By: Joe Strupp

ASNE Survey Looks At 8 Newspapers

WASHINGTON – Even disgruntled newspaper readers are heartened by
efforts to improve credibility, according to a reader survey of eight
newspapers released yesterday at the American Society of Newspaper
Editors (ASNE) annual convention here.

‘Readers have voiced overwhelming faith that these initiatives [to
improve credibility] can achieve their goals,’ said Christine Urban of
Urban & Associates of Sharon, Mass. ‘The majority of the public is
still willing to listen to explanations of the decision-making process,
and it is possible to rebuild trust.’

The survey queried readers in eight test markets where newspapers
implemented new programs or policies to increase credibility,
including: The Oregonian in Portland, The Gazette in Colorado Springs,
Colo., the Austin (Texas) American-Statesman, the San Jose (Calif.)
Mercury News, Florida Today in Melbourne, the Sarasota (Fla.) Herald-

Tribune, the Daily Press in Newport News, Va., and The Philadelphia

Readers at these papers said there are credibility problems. Urban
reported that more than 80% of adults surveyed in each test market
believed newspapers regularly over-dramatize stories to sell papers.
Readers also said newspapers should not interpret the news, but just
tell the facts. More than 66% said they had become more skeptical of
the press, and believed that special interest groups easily manipulated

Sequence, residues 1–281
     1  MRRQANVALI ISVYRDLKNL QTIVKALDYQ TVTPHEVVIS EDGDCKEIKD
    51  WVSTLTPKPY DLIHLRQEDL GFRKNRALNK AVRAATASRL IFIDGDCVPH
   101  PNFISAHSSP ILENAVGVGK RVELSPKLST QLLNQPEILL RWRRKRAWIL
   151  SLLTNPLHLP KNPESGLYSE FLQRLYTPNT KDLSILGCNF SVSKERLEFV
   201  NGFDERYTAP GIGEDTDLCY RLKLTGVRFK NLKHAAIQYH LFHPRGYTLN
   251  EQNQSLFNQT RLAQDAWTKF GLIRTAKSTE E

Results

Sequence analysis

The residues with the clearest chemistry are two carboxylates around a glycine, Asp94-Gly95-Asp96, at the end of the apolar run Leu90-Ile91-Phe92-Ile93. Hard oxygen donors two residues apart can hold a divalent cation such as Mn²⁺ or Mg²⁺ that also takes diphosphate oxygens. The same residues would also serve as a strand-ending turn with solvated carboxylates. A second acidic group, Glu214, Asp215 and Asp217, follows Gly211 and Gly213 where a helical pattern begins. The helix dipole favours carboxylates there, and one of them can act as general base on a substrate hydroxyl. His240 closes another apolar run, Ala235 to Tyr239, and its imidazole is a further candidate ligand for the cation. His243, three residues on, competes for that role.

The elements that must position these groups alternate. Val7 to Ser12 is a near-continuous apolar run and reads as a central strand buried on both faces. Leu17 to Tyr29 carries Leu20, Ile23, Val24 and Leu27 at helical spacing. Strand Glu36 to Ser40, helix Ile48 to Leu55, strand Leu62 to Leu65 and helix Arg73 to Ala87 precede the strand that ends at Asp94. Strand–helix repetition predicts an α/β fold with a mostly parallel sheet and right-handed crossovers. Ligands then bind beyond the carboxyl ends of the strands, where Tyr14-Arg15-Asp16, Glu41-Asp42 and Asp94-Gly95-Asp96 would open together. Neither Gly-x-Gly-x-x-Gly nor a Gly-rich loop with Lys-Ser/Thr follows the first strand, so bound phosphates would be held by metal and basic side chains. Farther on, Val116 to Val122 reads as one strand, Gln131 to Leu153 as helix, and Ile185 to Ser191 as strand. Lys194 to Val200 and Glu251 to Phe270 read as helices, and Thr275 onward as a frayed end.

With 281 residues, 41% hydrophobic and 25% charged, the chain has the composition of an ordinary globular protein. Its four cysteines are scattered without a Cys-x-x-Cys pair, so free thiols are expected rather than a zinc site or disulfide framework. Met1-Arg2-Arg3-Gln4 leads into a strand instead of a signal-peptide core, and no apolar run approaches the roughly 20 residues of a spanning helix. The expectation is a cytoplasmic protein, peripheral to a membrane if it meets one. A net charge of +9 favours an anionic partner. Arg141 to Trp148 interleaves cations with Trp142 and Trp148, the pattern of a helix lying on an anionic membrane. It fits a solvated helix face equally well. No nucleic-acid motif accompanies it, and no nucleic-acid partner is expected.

newspapers. At the same time, only half of those respondents thought
newspapers used their power to protect the underdog, or that the press
had covered Bill Clinton fairly.

Still, Urban said readers who had heard about or participated in the
test market credibility projects and initiatives were hopeful that
improvements could occur. ‘Once people see these initiatives, they are
mostly open to ways of making things better,’ Urban said.

The test market initiatives included:

? Florida Today’s use of local residents as proofreaders

? the Mercury News’ new reporter checklist for accuracy and balance,
and a tracking system for corrections

? the Herald-Tribune reader advocate program that assigns rotating
editorial employees to the job of hearing reader complaints and
following up on them, then writing a column about it

? the Oregonian’s revamp of crime coverage to focus on trends and
issues rather than spot crimes, while also expanding youth coverage to
focus on individuals and issues such as youth stress

? a reader audit of minority coverage in the Gazette

? reader critiques in the newsroom of the American-Statesman, with
results published in the newspaper

? the creation of a new South Jersey edition of the Inquirer, including
a separate editorial and media criticism page

? the organization of special neighborhood meetings between editorial
staff and neighborhood groups by the Daily Press

‘It really helps us fulfill our jobs as journalists,’ said Sandy Rowe,
Oregonian editor, commenting on her paper’s program. ‘It does have a


Joe Strupp ( is associate editor for
Editor & Publisher magazine.

(c) Copyright 2000, Editor & Publisher

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